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Somatization

What is Somatization?

Somatization refers to distressing and impairing physical symptoms that have no discernable medical cause. Instead, these symptoms are a way of expressing stress, trauma, difficult feelings through the body. Also called psychosomatic, conversion disorder, somatic symptoms, medically unexplained symptoms and functional disorders, somatization is a surprisingly common problem. It occurs in up to 20% of adults, and 10 % to 30% of teens, often at transition points in their lives.

somatization

What are the Signs and Symptoms of Somatization?

Physical symptoms of somatization can include: body pain, tremors, headaches, nausea, vomiting, numbness, non-epileptic psychogenic seizures, speech and vision difficulties. These symptoms may appear extreme, and it’s hard to reconcile that their discomfort may actually result from psychological stress and difficulties

In addition, the diagnosis of somatization can create a lot of stress and frustration for patients, since doctors need to perform many tests to rule out other possible causes first. The stress of this process often leads patients to become more worried about their health, and this creates a vicious cycle. However, a clear diagnosis is critical to the healing process, as is ongoing medical oversight.

How Does Somatization Affect Individuals?

People experiencing somatization are not faking their symptoms. The pain and other problems they experience are real, regardless of whether or not a physical explanation can be found. And the distress from symptoms can result in many challenges for the individual, family members and in the workplace. It also increases medical system usage. When somatization occurs in children and youth, the family is disrupted as parents try to focus on the physical symptoms and, often worry that doctors have missed a medical problem.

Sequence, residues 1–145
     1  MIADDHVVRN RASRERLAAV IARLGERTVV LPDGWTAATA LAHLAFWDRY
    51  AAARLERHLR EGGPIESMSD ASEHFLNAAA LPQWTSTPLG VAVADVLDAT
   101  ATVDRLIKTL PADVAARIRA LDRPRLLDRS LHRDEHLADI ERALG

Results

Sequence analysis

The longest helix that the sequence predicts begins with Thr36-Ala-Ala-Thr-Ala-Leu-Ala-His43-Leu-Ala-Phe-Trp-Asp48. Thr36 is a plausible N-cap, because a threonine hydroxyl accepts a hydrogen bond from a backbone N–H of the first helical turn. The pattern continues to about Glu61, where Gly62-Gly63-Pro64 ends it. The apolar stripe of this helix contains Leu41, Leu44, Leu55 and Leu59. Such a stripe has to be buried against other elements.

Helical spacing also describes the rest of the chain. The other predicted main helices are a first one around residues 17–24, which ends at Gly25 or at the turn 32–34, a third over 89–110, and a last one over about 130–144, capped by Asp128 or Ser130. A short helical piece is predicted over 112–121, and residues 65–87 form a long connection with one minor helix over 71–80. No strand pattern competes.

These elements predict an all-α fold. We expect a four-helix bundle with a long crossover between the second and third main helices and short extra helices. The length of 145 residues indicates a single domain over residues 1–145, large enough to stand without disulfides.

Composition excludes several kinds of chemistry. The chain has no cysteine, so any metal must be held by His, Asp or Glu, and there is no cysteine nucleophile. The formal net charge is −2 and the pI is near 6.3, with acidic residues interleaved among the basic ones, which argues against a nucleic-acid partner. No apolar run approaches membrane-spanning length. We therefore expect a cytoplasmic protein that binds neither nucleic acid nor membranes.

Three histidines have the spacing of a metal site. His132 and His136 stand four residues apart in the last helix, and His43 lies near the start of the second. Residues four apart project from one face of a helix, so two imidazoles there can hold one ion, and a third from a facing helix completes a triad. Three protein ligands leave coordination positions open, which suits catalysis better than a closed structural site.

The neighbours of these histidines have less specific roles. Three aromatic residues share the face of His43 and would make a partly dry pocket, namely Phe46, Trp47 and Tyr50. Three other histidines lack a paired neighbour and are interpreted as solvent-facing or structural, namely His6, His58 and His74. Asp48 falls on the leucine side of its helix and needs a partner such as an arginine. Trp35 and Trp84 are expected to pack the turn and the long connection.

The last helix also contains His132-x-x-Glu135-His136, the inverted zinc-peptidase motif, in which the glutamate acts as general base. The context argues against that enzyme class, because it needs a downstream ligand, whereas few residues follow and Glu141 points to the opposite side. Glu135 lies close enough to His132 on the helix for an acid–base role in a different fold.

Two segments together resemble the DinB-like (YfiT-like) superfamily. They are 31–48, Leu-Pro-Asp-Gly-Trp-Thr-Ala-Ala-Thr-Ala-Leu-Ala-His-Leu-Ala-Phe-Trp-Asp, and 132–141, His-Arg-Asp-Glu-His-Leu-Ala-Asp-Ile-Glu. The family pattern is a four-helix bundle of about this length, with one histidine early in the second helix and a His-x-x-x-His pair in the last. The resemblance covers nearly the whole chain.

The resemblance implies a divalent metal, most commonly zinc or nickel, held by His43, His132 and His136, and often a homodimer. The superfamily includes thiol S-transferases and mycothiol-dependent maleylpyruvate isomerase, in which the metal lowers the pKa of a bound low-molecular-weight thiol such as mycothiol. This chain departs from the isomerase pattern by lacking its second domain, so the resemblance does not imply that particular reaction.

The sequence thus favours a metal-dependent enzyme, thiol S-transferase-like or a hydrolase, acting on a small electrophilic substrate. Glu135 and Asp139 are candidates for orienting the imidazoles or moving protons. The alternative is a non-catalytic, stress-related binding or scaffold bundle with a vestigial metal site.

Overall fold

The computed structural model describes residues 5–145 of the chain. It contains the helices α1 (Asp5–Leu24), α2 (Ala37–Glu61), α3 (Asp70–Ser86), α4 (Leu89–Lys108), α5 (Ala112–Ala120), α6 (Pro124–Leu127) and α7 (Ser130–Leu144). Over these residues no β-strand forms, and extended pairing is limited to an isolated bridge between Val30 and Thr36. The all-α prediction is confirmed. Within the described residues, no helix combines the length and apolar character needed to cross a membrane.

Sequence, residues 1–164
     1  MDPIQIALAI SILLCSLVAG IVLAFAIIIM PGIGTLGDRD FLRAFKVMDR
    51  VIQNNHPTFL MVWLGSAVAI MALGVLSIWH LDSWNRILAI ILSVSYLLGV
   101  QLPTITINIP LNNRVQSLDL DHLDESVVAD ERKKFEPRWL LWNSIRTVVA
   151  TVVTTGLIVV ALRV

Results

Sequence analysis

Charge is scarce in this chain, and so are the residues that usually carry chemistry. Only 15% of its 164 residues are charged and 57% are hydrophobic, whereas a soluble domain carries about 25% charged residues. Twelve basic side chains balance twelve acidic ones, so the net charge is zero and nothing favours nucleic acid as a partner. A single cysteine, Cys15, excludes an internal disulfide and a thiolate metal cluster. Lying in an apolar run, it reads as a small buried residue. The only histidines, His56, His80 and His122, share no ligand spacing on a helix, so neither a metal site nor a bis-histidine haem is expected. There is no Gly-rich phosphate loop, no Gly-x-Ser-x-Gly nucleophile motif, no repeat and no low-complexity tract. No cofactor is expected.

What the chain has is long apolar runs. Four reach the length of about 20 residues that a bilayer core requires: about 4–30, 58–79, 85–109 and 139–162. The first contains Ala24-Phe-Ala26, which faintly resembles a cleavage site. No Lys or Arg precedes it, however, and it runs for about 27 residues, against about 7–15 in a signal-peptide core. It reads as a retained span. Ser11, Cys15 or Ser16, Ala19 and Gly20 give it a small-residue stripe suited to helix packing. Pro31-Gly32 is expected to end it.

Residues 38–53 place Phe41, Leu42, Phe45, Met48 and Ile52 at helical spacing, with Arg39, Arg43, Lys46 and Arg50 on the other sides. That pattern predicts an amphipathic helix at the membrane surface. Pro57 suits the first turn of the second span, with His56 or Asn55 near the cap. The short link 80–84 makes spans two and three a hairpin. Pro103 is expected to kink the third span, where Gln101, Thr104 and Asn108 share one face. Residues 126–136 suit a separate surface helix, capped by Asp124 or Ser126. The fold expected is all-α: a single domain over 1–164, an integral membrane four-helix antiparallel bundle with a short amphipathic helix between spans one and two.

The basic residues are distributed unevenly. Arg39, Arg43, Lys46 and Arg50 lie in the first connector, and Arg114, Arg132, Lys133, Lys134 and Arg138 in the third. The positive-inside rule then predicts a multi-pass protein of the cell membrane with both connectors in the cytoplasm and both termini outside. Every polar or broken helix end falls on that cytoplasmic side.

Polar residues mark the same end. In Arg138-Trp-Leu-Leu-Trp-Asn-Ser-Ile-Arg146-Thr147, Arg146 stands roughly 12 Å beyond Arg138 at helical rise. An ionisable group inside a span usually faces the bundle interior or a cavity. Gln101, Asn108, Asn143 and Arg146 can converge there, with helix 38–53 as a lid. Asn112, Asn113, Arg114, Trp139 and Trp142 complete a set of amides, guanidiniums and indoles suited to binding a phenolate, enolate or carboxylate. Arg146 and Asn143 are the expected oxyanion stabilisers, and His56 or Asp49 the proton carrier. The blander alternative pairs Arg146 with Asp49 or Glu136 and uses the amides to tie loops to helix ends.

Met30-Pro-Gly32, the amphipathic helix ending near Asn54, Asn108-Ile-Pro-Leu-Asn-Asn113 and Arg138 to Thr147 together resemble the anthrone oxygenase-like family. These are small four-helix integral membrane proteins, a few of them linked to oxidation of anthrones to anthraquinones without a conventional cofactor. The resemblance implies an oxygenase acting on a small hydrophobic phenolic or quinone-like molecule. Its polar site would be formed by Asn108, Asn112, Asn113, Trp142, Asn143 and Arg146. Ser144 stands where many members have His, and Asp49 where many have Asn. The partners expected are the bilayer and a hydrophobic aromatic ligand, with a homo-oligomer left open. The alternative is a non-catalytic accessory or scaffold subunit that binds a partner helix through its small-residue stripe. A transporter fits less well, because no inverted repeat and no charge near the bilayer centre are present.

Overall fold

Somatization Treatment

To improve the symptoms of somatization, it’s critical to begin with a thorough assessment. That allows both patient and caregivers to understand the narrative of the illness, and validate the severity of the symptoms, which is an important step towards recovery. Education about somatization and its causes is also important. And a successful treatment plan requires collaboration between a patient’s medical and mental health professionals.

One proven treatment for somatization is talk therapy, to understand the symptoms and their triggers, and then learn strategies to manage and lessen impact of the physical symptoms. The therapist will validate a patient’s physical symptoms, but also maintain focus on ways to function and participate in daily activities, despite the pain, exploring ways for the physical symptoms to be less in charge. In addition, it’s very helpful for the patient to resume a regular routine as much as possible. However, the longer symptoms of somatization have presented, the more time it will take to get better.

Hope

Although somatization is a distressing, and even frightening condition, treatment is usually successful, allowing people to fully recover, and resume their normal work, school and social lives.

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Life is 10 % what happens to you and 90% how you react to it

– Charles R Swindoll

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